Reunitie Harmon walks down a quiet 24th Street in Park West. Harmon’s casual appearance is consistent with the quiet confidence she projects.
“I tell people: unless you hear my story, you’ll never know my struggles — that’s my thing. ‘Cause I never wear it on my face — I always wear a smile — so unless you see my struggles or you hear about it, you’ll never know about what I’m going through.”
Continue reading ““You adapt to your environment””
Donald Ealy shuffles across an empty Center Street in Park West. Ealy’s tired eyes and thin mustache adorn his weathered face; a patterned cardigan and brown driving cap lend him an air of aged dignity.
“When I went to prison, my eyes wasn’t open,” Ealy says. “I wrote the judge a letter thankin’ him for savin’ my life. I had 30 years. The judge brought me back to court because he said he had never got a letter like this before, and he said the letter was so sincere … he brought me back to court and took 15 years away.”
Continue reading ““I changed””
Corey Nash doesn’t have much faith in Milwaukee. The 17-year-old and a friend walk down a partially-snow-covered sidewalk on 16th Street in Borchert Field but they grew up on the South Side, he says.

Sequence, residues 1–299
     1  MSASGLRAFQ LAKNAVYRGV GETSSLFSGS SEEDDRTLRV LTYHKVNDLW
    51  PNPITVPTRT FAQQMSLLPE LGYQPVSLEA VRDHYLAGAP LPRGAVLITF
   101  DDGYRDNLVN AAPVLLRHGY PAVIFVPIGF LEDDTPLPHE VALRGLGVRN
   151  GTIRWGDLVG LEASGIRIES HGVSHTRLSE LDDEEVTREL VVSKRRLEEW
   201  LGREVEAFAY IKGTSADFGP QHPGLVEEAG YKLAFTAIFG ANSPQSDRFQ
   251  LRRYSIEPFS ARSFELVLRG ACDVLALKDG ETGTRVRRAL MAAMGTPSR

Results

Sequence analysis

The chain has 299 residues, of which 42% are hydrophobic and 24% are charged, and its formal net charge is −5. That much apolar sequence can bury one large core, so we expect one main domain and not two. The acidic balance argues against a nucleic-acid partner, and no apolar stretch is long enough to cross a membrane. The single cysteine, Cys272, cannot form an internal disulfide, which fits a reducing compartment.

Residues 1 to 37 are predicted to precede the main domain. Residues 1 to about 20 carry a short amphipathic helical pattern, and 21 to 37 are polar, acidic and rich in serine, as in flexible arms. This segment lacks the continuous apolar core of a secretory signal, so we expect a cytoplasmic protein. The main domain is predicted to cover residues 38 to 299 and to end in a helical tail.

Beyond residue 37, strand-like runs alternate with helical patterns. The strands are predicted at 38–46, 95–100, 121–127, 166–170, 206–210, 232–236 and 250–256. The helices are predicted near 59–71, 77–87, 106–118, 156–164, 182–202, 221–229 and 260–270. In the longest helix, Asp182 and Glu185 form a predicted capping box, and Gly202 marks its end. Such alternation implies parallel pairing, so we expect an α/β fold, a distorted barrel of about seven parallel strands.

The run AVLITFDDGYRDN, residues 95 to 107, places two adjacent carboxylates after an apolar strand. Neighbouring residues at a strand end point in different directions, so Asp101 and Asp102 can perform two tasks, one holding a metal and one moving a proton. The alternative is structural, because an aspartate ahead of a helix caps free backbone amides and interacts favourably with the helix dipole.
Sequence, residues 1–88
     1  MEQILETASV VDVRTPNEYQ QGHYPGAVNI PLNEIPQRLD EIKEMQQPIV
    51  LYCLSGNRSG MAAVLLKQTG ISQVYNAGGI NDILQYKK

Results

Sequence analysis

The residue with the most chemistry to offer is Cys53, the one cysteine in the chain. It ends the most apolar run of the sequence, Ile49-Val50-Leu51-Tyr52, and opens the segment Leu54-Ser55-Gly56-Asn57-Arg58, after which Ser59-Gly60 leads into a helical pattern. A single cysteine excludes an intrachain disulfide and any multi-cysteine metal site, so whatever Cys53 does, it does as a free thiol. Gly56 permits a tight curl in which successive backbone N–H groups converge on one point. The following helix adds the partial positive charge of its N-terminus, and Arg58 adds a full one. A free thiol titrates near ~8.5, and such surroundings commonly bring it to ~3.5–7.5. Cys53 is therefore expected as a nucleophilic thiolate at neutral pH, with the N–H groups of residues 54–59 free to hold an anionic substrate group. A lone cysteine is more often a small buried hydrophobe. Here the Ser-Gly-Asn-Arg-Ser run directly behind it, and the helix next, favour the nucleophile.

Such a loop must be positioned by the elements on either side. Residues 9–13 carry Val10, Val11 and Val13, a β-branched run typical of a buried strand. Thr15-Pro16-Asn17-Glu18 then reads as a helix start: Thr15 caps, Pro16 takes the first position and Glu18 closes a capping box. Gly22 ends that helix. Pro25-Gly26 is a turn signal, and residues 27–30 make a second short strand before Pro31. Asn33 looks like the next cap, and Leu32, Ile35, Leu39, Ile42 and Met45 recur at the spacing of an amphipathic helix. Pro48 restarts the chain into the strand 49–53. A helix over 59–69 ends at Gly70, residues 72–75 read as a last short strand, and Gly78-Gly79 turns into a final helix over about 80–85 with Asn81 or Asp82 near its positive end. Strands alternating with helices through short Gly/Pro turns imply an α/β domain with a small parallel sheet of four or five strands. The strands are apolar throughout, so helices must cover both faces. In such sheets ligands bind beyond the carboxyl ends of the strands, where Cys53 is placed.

“[You] couldn’t go to sleep without hearing a gunshot,” says Nash. “They say the South Side is supposed to be safer than the North Side — it’s all the same.”
Continue reading ““Ain’t nothin’ change around here””
Richard Hodge stands on the corner of 24th and Burleigh, outside COA’s Goldin Center campus, on a sunny Friday afternoon. The bright greenish-yellow of his crossing guard uniform immediately catches the eye, a necessary characteristic in this line of work.
He fist-bumps children on their way by, creating a sense of safety that extends past the uniform. For Hodge, this isn’t just another job. “The most important thing is the safety of the kids,” he says.
Continue reading ““They tell me you change careers ten times in a lifetime””